Banned by 60 countries, the herbicide behind a 1970s marijuana scare persists in the US.

When Americans of a certain age hear the word “paraquat,” the first thing that might leap to mind is Mexican weed. That’s because, in the late 1970s, the United States government thought it would be a good idea to pay the Mexican government to spray this potent herbicide on marijuana fields south of the border.

Pot was illegal in every US state then, but plenty of Americans smoked imported weed, and the fear that people were inhaling a nasty chemical along with their THC caused quite the stir.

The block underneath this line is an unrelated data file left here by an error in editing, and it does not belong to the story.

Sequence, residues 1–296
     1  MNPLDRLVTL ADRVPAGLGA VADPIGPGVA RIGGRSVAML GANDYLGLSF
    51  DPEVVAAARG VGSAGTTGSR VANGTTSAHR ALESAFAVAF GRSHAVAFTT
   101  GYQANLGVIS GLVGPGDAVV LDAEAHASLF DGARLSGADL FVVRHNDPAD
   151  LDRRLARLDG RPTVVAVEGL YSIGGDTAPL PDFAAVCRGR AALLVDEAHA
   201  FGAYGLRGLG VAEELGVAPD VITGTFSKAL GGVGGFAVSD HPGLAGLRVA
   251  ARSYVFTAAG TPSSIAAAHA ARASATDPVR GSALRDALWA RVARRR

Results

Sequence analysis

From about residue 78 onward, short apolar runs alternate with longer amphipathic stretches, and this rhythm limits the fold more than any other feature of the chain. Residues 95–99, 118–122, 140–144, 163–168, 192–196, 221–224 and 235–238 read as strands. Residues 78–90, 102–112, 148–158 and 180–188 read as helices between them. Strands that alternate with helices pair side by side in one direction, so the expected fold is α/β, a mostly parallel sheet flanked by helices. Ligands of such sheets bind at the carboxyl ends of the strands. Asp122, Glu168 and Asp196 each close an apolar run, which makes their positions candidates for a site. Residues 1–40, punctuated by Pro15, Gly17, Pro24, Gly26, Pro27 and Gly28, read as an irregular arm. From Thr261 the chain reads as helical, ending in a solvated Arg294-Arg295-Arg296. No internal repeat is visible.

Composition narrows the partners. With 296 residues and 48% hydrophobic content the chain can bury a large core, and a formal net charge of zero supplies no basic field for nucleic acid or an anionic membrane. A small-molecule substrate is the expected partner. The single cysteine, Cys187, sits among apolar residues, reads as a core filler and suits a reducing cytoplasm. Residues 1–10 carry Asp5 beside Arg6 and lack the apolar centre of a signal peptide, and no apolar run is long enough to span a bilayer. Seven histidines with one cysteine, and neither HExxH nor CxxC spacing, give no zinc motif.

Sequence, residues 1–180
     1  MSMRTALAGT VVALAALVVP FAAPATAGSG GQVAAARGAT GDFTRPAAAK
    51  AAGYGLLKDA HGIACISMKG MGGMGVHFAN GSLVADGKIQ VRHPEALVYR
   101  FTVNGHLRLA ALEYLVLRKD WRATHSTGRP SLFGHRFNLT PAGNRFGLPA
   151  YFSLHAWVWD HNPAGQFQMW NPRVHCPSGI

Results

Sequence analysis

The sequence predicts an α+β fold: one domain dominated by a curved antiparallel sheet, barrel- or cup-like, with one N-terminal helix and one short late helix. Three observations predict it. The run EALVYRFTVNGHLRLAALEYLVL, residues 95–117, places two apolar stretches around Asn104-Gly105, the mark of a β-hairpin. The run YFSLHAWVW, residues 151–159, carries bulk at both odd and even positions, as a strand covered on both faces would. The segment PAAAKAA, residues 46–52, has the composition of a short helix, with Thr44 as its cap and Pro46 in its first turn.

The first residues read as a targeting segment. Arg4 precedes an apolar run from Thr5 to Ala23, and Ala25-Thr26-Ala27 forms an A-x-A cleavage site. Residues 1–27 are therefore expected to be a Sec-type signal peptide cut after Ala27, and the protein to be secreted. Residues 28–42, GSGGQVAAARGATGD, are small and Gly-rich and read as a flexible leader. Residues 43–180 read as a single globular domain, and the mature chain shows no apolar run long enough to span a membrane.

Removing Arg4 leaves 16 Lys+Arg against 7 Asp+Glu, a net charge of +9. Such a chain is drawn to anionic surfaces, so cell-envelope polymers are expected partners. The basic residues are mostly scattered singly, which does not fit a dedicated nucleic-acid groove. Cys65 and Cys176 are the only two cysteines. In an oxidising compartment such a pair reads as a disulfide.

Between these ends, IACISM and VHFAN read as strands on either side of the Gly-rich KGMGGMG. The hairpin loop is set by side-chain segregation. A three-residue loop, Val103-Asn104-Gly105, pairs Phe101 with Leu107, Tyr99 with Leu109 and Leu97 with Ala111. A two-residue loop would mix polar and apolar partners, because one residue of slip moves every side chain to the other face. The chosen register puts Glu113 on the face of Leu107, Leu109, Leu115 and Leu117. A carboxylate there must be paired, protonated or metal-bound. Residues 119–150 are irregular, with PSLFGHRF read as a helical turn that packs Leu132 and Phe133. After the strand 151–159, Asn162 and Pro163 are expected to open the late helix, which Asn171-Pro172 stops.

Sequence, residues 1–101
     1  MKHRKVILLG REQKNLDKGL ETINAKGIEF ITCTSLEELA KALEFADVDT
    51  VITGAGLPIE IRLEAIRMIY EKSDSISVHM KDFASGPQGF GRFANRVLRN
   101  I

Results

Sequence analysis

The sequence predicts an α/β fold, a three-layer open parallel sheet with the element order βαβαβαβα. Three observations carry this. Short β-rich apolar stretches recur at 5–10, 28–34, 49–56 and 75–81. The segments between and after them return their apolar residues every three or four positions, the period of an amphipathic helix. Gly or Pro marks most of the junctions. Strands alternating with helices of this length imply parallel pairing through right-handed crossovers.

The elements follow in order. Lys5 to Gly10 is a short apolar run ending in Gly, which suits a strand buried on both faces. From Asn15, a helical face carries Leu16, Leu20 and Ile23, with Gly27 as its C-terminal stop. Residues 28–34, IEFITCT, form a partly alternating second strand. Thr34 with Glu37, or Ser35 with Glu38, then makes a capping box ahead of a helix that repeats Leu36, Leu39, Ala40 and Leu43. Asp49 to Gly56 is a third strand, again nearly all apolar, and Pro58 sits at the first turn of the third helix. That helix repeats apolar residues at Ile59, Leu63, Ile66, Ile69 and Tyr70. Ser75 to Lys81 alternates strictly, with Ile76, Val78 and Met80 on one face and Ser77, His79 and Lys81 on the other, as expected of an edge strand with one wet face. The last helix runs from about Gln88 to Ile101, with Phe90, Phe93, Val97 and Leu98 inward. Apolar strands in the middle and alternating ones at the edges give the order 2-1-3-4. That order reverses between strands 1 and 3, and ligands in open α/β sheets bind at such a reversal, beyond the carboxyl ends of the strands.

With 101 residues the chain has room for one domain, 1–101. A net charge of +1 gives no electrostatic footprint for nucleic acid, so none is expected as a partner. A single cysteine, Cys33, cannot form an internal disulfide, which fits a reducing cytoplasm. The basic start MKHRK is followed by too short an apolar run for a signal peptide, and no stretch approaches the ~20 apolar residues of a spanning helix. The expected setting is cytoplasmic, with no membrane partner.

Bill Allayaud, who is of a certain age, knew immediately what I was talking about. He’s vice president of California government affairs for the nonprofit Environmental Working Group (EWG), a consumer advocacy organization that’s rallying behind a new state bill to ban the spraying of paraquat in California—where I was surprised to learn it is still applied in large quantities by growers of almonds, pistachios, and cotton. The feds’ paraquat ploy “blew up in their face,” Allayaud recalls. “Everyone’s like, ‘What, you’re spraying weed that’s being imported into the United States? Are people getting sick smoking it?”

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